But the obstacles for two men with little shared personal history remain – a surprising place for two leaders who each prioritize fostering personal relationships as the key to achieving their political ends.

Biden frequently reminds his staff of his view that politics is personal and leans on that approach in his pursuit of deals with members of Congress and foreign leaders alike.

McCarthy has spent years personally recruiting members to run for office, slowly endearing himself to political foes in his right flank from Rep. Marjorie Taylor Greene of Georgia to Rep. Jim Jordan of Ohio and convincing his conference over 15 rounds of voting to make him speaker. Still, when it comes to the president, the relationship has been harder to build. Before these talks, McCarthy and Biden have rarely met one on one, not to mention negotiated on issues of such high importance.

When he was vice president, Biden and McCarthy occasionally lunched at the Naval Observatory, meetings that aides say were cordial but not foundational in building up a strong reserve of goodwill or trust needed for the kind of high-wire act that the two men are engaged in now.

“They gotta learn to work with each other,” Republican Rep. Frank Lucas of Oklahoma said. “Everybody involved has to grow into the role to match the responsibilities. They don’t have any other choice, so they’ll step up.”

A senior administration official acknowledged that Biden and McCarthy’s relationship is largely untested, but characterized it as being in a “growing phase” – albeit one defined by the critical positions both men now hold more than any particularly strong personal chemistry.

The White House has made some efforts at relationship-building, including inviting McCarthy and his mother to the French state dinner in December and spending some time with McCarthy and House Republicans in September after the signing of a bill commemorating the late Republican Rep. Jackie Walorski of Indiana. And a senior administration official told CNN Biden sought frequent updates on McCarthy’s work in the House and his policy priorities. The official said those briefings were Biden’s way of getting a more well-rounded view of McCarthy’s policy priorities, which Biden views as a key building block to building a relationship and forging agreement.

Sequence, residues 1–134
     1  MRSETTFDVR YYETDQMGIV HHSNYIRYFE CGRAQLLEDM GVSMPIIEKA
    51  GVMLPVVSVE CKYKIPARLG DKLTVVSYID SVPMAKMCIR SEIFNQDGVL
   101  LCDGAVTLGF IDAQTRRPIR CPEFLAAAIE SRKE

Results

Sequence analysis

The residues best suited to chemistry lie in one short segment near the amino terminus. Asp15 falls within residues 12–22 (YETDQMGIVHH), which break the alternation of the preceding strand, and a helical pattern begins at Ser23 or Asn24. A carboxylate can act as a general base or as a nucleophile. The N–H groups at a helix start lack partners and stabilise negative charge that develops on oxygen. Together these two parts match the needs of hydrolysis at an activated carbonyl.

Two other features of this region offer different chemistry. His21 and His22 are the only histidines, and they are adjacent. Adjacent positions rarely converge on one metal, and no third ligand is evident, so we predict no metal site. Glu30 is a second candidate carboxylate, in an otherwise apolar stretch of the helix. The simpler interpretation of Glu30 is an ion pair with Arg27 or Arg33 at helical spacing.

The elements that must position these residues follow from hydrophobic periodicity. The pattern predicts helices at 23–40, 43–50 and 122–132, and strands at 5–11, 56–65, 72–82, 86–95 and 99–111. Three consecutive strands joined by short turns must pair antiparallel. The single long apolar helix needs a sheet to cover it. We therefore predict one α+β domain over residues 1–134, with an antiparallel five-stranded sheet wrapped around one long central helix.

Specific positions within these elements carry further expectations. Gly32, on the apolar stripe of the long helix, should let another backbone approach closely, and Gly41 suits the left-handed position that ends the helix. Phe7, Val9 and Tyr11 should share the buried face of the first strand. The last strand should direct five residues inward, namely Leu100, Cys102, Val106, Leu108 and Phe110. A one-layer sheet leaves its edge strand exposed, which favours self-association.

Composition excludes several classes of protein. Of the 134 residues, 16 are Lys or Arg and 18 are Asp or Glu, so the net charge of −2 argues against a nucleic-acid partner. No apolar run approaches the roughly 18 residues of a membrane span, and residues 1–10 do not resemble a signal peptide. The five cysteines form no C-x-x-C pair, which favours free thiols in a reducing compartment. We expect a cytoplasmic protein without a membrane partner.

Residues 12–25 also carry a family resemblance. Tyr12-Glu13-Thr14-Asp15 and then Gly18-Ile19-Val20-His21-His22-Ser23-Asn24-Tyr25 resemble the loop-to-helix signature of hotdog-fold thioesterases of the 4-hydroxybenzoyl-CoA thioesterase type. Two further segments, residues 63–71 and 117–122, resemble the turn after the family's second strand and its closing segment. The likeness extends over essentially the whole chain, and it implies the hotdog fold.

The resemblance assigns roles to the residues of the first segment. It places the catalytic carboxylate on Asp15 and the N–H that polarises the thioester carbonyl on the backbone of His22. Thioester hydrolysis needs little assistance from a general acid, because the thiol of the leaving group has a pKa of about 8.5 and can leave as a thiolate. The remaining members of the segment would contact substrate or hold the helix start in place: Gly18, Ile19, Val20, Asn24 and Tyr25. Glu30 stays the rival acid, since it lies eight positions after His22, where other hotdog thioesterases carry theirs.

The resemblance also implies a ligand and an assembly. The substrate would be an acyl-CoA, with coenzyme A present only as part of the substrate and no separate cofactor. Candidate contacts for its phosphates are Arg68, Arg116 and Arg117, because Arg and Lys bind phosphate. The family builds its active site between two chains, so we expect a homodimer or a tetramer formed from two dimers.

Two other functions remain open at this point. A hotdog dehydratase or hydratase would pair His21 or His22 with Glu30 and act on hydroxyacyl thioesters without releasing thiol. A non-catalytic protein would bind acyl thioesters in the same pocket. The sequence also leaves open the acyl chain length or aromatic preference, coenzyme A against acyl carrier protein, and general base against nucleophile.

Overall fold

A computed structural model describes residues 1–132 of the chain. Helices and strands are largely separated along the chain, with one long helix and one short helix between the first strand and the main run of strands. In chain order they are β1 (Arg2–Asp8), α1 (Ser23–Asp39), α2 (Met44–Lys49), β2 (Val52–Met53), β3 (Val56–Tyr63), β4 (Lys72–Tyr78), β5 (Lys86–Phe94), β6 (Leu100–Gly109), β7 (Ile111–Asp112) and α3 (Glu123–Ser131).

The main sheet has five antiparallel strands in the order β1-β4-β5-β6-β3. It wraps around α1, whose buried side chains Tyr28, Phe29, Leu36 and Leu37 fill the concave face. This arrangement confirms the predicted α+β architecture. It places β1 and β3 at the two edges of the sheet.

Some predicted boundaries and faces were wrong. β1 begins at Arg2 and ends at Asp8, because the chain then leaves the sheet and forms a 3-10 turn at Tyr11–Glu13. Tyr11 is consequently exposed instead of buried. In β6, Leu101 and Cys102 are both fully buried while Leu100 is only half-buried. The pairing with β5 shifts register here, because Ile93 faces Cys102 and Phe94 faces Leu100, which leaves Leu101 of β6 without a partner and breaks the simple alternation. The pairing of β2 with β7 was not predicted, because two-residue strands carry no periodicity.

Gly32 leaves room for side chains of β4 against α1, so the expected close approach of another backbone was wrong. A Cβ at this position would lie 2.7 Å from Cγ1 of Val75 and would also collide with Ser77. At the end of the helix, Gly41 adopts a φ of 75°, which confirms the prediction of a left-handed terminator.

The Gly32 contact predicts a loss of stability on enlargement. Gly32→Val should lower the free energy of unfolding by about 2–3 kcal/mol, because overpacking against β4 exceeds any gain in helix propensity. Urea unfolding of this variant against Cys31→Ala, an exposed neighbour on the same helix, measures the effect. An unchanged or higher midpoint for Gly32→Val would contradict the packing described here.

“They are both gregarious ‘let’s make a deal’ politicians. I’d feel better had they gotten to know one another over the first two years of the Biden administration. That’s the president’s choice,” Rep. Tom Cole, a Republican from Oklahoma, told CNN. “We are behind where we should be because the president called a meeting and then waited 97 days to call the next one.”

Ninety-seven days, a challenge and a GOP debt ceiling bill

Making the negotiations even more tenuous, GOP aides say, is the fact that the White House did not engage on the debt ceiling for more than three months even as McCarthy and top aides made repeated entreaties to Biden and his staff to get together to talk, even after Biden himself at the National Prayer Breakfast and Friends of Ireland lunch told McCarthy he’d be open to meeting. Instead, Biden and his team insisted on McCarthy laying out his own budget blueprint.

“Show us your plan,” became the Democratic refrain.

The White House dismisses Republicans’ criticism of the three-month gap as flimsy, pointing out that Biden unveiled his budget proposal a month after meeting with McCarthy and was waiting for McCarthy to come to the table with his own plan.

“The president has always been very clear to the speaker in a respectful way, ‘I’m ready to have a conversation with you when you have a plan,’” White House legislative affairs director Louisa Terrell said in an interview ahead of Biden’s latest meeting with McCarthy. “And as I understand it on those instances, the plan was not there yet – there was nothing on the table. And as soon as one passed, there was an invitation to talk about the budget.”